CHAMPAIGN, Ill. — A small, thin square of an organic plastic that can detect disease markers in breath or toxins in a building’s air could soon be the basis of portable, disposable sensor devices. By riddling the thin plastic films with pores, University of Illinois researchers made the devices sensitive enough to detect at levels that are far too low to smell, yet are important to human health.
In a new study in the journal Advanced Functional Materials, professor Ying Diao’s research group demonstrated a device that monitors ammonia in the breath, a sign of kidney failure.
“In the clinical setting, physicians use bulky instruments, basically the size of a big table, to detect and analyze these compounds. We want to hand out a cheap sensor chip to patients so they can use it and throw it away,” said Diao, a professor of chemical and biomolecular engineering at Illinois.
Other researchers have tried using organic semiconductors for gas sensing, but the materials were not sensitive enough to detect trace levels of disease markers in the breath. Diao’s group realized that the reactive sites were not on the surface of the plastic film, but buried inside it.
“We developed this method to directly print tiny pores into the device itself so we can expose these highly reactive sites,” Diao said. “By doing so, we increased the reactivity by ten times and can sense down to one part per billion.”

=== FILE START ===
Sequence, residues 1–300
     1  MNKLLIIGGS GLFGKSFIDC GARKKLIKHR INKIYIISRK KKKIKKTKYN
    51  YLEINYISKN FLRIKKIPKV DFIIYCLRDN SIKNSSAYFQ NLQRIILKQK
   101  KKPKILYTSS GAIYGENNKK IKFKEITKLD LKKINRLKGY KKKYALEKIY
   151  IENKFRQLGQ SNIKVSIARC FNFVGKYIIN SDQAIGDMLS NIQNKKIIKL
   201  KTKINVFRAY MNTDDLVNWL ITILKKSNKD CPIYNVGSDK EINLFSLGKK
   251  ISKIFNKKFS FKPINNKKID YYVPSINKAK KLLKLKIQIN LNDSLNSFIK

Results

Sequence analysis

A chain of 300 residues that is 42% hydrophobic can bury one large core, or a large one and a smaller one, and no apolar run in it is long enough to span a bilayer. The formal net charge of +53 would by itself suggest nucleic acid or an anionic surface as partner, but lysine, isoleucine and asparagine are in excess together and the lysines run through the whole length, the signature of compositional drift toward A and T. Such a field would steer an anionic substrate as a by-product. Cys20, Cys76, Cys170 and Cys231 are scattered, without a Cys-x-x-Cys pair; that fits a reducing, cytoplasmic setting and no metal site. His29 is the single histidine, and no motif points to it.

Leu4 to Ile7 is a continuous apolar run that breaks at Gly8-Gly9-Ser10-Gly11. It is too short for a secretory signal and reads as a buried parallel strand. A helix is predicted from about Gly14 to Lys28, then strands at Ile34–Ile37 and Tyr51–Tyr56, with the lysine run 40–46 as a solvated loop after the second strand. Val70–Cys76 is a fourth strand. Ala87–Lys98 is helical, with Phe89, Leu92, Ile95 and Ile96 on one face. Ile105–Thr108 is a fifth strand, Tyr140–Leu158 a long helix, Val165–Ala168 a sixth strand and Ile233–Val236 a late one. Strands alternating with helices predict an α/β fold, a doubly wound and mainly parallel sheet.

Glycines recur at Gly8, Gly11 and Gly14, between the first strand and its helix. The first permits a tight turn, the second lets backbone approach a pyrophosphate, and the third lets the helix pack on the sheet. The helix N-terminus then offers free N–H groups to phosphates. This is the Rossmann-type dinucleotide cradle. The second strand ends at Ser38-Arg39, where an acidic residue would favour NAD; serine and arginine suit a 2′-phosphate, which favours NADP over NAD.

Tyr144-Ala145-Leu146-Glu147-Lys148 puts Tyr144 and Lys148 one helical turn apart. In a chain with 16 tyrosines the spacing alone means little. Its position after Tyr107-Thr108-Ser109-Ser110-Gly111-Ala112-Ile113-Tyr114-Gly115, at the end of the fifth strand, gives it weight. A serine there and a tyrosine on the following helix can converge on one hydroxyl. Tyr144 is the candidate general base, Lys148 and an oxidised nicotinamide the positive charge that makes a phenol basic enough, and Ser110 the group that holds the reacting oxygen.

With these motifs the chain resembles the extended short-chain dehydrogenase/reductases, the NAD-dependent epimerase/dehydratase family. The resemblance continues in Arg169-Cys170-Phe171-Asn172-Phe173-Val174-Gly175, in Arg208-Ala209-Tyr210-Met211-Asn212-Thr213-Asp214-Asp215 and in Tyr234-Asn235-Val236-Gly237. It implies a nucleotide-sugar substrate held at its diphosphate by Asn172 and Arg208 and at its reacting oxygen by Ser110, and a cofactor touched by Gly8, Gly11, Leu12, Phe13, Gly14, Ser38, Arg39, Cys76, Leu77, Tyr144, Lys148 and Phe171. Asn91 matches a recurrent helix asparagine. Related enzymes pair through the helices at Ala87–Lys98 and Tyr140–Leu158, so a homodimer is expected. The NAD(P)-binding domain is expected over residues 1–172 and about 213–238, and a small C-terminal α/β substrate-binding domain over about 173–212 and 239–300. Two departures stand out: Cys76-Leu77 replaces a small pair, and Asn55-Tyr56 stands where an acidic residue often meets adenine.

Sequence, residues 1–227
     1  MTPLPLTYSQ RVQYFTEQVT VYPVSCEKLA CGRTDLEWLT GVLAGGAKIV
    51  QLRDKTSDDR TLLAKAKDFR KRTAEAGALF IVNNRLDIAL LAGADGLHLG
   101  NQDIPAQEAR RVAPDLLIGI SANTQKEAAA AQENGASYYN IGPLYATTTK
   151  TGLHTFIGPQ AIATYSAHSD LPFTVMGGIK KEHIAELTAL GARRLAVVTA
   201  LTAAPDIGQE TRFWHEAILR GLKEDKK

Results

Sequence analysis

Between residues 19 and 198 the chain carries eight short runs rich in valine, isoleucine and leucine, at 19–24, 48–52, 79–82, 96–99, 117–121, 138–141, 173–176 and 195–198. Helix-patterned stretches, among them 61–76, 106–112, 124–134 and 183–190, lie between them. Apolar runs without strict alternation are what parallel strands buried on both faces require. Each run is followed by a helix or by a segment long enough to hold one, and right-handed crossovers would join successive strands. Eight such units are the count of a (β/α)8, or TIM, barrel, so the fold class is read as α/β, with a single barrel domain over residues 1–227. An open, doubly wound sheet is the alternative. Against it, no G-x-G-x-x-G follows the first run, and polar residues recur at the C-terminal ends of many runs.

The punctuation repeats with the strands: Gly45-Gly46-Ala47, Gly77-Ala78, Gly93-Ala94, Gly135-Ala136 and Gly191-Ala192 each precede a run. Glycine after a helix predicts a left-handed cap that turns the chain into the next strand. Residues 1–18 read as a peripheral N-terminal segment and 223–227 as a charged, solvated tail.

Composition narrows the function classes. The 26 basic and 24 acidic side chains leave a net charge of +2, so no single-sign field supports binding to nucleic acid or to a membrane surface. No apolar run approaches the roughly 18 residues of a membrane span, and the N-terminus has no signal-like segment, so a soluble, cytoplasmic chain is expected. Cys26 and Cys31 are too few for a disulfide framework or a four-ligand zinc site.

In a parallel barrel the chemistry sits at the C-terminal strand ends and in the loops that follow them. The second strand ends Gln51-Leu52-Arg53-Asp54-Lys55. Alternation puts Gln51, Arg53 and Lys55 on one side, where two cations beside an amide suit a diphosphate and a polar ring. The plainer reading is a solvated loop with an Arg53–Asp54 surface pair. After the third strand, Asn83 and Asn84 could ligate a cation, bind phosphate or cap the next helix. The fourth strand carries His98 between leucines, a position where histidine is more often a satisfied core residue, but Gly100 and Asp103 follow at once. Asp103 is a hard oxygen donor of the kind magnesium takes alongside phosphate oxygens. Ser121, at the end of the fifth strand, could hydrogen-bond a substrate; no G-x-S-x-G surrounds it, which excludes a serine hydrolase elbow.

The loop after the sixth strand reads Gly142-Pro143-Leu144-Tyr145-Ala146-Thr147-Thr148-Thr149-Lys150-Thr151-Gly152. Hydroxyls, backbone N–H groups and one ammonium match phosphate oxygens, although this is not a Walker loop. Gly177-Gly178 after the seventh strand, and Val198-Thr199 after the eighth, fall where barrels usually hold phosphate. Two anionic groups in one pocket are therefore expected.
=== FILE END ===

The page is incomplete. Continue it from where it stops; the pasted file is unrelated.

For their first device demonstration, the researchers focused on ammonia as a marker for kidney failure. Monitoring the change in ammonia concentration could give a patient an early warning sign to call their doctor for a kidney function test, Diao said.
The material they chose is highly reactive to ammonia but not to other compounds in breath, Diao said. But by changing the composition of the sensor, they could create devices that are tuned to other compounds. For example, the researchers have created an ultrasensitive environmental monitor for formaldehyde, a common indoor pollutant in new or refurbished buildings.
The group is working to make sensors with multiple functions to get a more complete picture of a patient’s health.
“We would like to be able to detect multiple compounds at once, like a chemical fingerprint,” Diao said. “It’s useful because, in disease conditions, multiple markers will usually change concentration at once. By mapping out the chemical fingerprints and how they change, we can more accurately point to signs of potential health issues.”